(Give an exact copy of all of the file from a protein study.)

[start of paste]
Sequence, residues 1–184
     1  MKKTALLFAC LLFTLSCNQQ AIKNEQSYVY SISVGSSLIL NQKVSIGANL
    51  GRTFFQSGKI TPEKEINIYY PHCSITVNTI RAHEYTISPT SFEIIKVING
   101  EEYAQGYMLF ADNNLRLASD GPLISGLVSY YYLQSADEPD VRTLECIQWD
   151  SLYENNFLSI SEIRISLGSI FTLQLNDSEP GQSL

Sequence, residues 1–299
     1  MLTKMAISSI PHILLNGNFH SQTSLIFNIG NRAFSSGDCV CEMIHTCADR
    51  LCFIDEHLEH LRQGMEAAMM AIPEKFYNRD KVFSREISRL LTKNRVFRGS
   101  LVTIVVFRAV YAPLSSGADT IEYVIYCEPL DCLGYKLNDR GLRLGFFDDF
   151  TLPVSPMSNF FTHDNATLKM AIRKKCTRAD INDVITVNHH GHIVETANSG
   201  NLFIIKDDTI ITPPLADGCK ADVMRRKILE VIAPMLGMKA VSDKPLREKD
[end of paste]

Sequence, residues 1–184
     1  MKKTALLFAC LLFTLSCNQQ AIKNEQSYVY SISVGSSLIL NQKVSIGANL
    51  GRTFFQSGKI TPEKEINIYY PHCSITVNTI RAHEYTISPT SFEIIKVING
   101  EEYAQGYMLF ADNNLRLASD GPLISGLVSY YYLQSADEPD VRTLECIQWD
   151  SLYENNFLSI SEIRISLGSI FTLQLNDSEP GQSL

Sequence, residues 1–299
     1  MLTKMAISSI PHILLNGNFH SQTSLIFNIG NRAFSSGDCV CEMIHTCADR
    51  LCFIDEHLEH LRQGMEAAMM AIPEKFYNRD KVFSREISRL LTKNRVFRGS
   101  LVTIVVFRAV YAPLSSGADT IEYVIYCEPL DCLGYKLNDR GLRLGFFDDF
   151  TLPVSPMSNF FTHDNATLKM AIRKKCTRAD INDVITVNHH GHIVETANSG
   201  NLFIIKDDTI ITPPLADGCK ADVMRRKILE VIAPMLGMKA VSDKPLREKD